Children's Activity Levels Negatively Impacted by Pandemic

Posted: Fri, 10 Dec 2021 09:20

Children's Activity Levels Negatively Impacted by Pandemic

Children and young people's activity levels continue to be negatively impacted by the ongoing coronavirus (Covid-19) pandemic at a time when getting active is more important than ever for their mental and physical wellbeing.

These findings come from Sport England through their release of the Active Lives Children's Survey. The annual survey provides the most comprehensive insight and data into the physical activity levels of children and young people (aged 5-16) across England.

This data shows that while there has been no overall decrease on activity levels compared to the previous academic year, existing inequalities have widened and enjoyment and confidence in taking part is down, and there are new short-term issues that need to be considered so they do not become long-term trends.

Positively, the results provide further evidence that active children have higher levels of mental wellbeing and illustrate the role sport and physical activity can play in supporting them amid rising levels of loneliness and declining mental health during the pandemic. We also know that active children do better at school in attainment and achievement – so there's a dual benefit to taking part amid ongoing uncertainty. There are signs of recovering activity levels as restrictions have eased but not all children and young people have been affected or are recovering at the same rate.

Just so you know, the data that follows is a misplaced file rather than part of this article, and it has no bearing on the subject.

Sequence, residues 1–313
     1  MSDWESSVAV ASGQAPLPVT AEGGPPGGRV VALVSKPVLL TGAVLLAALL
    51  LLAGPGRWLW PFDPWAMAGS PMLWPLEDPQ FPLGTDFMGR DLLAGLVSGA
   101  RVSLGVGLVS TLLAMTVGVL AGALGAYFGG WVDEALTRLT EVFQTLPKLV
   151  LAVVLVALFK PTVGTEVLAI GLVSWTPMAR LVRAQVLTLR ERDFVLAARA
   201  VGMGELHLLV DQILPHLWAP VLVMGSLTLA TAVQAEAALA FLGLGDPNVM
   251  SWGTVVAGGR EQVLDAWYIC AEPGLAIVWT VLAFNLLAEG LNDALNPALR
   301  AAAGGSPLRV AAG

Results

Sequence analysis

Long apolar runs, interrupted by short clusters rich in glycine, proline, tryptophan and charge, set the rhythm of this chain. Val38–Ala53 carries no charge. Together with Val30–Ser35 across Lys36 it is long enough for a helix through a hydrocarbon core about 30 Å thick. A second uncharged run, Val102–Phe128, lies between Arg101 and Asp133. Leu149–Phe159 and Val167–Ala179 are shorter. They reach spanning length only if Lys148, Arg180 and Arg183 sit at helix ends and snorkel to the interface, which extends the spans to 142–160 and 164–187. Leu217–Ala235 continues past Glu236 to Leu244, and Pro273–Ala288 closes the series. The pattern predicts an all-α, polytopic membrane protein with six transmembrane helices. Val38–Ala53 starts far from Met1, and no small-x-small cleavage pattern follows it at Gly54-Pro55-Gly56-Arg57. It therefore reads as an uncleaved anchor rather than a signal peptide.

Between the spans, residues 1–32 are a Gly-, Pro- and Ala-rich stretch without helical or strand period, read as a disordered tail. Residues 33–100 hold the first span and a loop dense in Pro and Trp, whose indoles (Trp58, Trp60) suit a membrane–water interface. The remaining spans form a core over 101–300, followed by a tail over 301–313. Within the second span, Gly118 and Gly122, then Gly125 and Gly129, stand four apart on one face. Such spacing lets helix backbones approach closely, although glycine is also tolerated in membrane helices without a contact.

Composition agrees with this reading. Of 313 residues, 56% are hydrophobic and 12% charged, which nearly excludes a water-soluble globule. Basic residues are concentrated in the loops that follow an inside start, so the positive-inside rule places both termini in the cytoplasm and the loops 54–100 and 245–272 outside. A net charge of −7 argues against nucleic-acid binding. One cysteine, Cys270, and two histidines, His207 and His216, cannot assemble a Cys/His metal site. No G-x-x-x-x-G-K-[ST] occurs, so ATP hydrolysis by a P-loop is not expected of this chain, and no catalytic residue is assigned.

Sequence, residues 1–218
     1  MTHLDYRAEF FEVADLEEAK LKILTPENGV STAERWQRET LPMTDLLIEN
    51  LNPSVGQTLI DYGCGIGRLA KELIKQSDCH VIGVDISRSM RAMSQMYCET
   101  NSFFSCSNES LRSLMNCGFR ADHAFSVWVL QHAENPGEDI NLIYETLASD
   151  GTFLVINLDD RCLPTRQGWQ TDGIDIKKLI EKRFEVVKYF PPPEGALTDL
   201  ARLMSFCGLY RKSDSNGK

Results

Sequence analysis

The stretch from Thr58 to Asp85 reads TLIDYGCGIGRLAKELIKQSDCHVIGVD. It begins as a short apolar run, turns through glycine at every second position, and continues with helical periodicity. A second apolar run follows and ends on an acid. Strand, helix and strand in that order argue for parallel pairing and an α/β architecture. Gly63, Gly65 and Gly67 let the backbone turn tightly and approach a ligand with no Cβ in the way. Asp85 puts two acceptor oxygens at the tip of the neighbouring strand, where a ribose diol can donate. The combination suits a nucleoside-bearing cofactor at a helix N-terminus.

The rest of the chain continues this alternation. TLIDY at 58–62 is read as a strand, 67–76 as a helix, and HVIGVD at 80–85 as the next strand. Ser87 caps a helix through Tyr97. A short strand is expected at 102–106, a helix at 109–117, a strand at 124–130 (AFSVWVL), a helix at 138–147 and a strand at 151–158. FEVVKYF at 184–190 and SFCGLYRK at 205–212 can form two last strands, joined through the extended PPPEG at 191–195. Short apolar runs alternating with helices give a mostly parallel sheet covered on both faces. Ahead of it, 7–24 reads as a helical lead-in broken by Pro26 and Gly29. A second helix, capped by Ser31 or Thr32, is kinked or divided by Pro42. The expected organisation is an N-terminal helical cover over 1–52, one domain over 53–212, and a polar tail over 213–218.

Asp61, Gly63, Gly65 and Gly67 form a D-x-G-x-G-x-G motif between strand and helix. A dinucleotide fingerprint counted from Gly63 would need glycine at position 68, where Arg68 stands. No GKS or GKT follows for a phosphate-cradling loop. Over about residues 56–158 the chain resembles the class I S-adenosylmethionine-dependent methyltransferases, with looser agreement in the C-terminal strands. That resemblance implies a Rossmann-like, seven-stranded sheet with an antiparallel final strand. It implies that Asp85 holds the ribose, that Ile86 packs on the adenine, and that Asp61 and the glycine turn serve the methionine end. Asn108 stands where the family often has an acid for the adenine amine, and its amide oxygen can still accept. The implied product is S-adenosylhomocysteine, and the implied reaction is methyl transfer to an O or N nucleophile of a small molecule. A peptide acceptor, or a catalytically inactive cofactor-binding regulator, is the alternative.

Concerningly, existing inequalities have been widened with some groups hit much harder by the pandemic than others. For example, children from the least affluent families remain the least active – with this gap widening across the pandemic – and there was again a stark ethnicity gap, with only 36% of Black children getting active compared to 45% of all children and young people.

Concerningly, children and young people's positive attitudes towards sport and physical activity fell markedly over this period, with enjoyment and confidence seeing the largest falls. We know that these are two key reasons that children and young people choose to participate in sport and activity, and if these do not increase there is a risk that we will see poorer health and wellbeing outcomes in the next generation as a result of less physically active lifestyles.

Building positive experiences for young people and tackling inequalities to support the people and communities, across the country that need it the most, no matter their background, are key focuses of our Uniting the Movement strategy.

George Cull, Head of Development at North Yorkshire Sport, said "These results do not make for good reading. There have been fantastic efforts to support children to be active but these are not going far enough to reach those young people who may find it harder to be active. This is bigger than any single intervention or organisation, it requires the collective efforts of all of those interested in the health and wellbeing of our young people to work together to design movement and activity in to daily life."

Tags: Active Lives